Three support rods 46 are mounted in sockets 48 in the base plate 32. Fasteners 45 attach the support rods 46 to the base plate 32. Lower end portions 47 of the rods 46 are threaded in sockets 49 (FIG. 3) in a grinder head 50 to support the grinder head 50 so that the grinder head 50 is supported by the rods 46, the base plate 32 and the cage 34. The main drive shaft 42 extends through a bearing 52 mounted in the grinder head 50.

An annular stator member or shroud 54 is mounted on the grinder head 50 by means of bolts 56. The stator 54 has a generally cylindrical inner face 60 and a cylindrical outer face 62 as shown in FIG. 1, or an outer face having a plurality of cylindrical portions as shown in FIGS. 2, 3 and 7. Slots 64 are provided in the stator member 54. The slots 64 are arranged around the axis of the stator member 54 in rows 65A and 65B and intersect the inner face 60 and the outer face 62. The slots 64 are shown evenly spaced in and of one size in each row (but as shown in FIG. 7 may be of different sizes in different rows as in machine 201, or the same size as in machine 202), and extend generally outwardly from the inner face 60 in a direction extending upwardly, circumferentially and radially as shown in FIGS. 2, 5 and 6. A lower portion 67 of the stator member 54 includes a lower inner face portion 68 which slopes downwardly and outwardly. The outer face 62 of the shroud 54 is cylindrical. A shoulder of reduced diameter having a cylindrical outer face 620 is provided adjacent the lower end of the shroud 54 shown in FIG>3 to receive an upper end portion of a stator skirt or suction tube 69. Fasteners 622 hold the skirt 69 in position. The fasteners 622 are received in radial threaded bores 624 in the shroud 54. An inlet opening 623 (FIG. 3) for the stator is provided at the lower end of the skirt 69. An eductor tube 86, as shown in FIG. 3, provides means for charging material to be ground directly into the intake of the grinding assembly 22.

As shown in FIGS. 3 and 5, each of the slots 64L extends outwardly at an angle of approximately 60 degrees to a radius from the axis of the stator in the plane of FIG. 5 and upwardly at an angle 701 (FIG. 6) of approximately 60 degrees to a plane 703 (FIG. 6) of the stator 54 which is perpendicular to the axis thereof. In FIG. 3 are shown dot-dash lines 704-706 which define a cone in which upper ends of the slots in the row 65A are approximately located. Dot-dash lines 708-710 define a cone in which lower edges of the slots in the row 65A are approximately located. Dot-dash lines 712-714 define a cone in which upper edges of the slots in the row 65B are approximately located. Dot-dash lines 716-718 define a cone in which lower ends of the slots in the row 65B are approximately located. The dot-dash lines 704-706, 708-710, 712-714 and 716-718 in the illustrative drawings extend at like angle to the axis of the stator 54.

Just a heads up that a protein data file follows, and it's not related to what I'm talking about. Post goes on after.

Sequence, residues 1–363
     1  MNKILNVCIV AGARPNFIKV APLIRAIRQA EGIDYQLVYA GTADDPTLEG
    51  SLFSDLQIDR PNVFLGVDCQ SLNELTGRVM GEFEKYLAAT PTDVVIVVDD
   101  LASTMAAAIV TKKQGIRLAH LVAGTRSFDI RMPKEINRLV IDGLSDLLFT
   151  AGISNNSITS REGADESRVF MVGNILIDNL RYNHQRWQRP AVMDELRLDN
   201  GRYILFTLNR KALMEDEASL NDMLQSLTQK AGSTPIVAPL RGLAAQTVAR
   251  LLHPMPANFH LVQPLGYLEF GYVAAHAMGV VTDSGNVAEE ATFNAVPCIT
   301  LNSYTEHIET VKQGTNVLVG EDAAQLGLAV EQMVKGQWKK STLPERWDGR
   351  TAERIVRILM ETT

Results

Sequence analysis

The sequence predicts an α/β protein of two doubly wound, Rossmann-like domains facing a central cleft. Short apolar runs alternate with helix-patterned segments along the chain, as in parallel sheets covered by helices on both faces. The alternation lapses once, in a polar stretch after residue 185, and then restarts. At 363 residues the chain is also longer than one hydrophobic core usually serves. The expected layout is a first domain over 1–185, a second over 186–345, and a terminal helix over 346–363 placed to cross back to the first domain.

A rotor 70 is mounted on an axial stud portion 72 of the main drive shaft 42. The rotor includes an upper head portion 74 and a hollow cylindrical portion 750 provided with upright slots 75 to form blades 76. Lower end portions of the blades are connected by a web 78. In FIG. 3, dot-dash lines 781-783 define a cone in which upper ends of the slots 75 approximately fall, and which is aligned with cone 704-706 containing the upper ends of stator slots 64 in row 65A. Dot-dash lines 785-787 define a cone in which lower ends of the slots 75 approximately fall. The blades 76 sweep not only the slotted portion of the inner face 60 of the stator 54, but the unslotted portion of face 60 between the lower ends of slots 64m, the line where the cone 716-718 intercewpts face 60, and the dot-dash line 73 which coincides with the lower ends of rotor slots 75. In forward rotation, the rotor 70 turns in the direction of an arrow 77 in FIG. 5. Outer edge faces 79 of the blades 76 sweep across inner ends of the slots 64L in closely spaced shearing relation to the inner face 60 of the stator 54 to shear solid particles as the solid particles enter the slots 64L. The blades 76 are approximately upright as shown in FIGS. 3, 5 and 6. As the rotor 70 turns, the baldes 76 sweep across the inner ends of the slots 64 with each blade 76 intersecting at least one slot 64 at all times so that there is a continuous shearing action between the leading edge 76e of each blade 76 and the opposed inner shear edge of the stator slot or slots opposed to the blade. The interior of the rotor 70 inside the blades 76 is hollow to provide a space through which a slurry can flow from the hollow interior of the skirt 69 to the slots 75.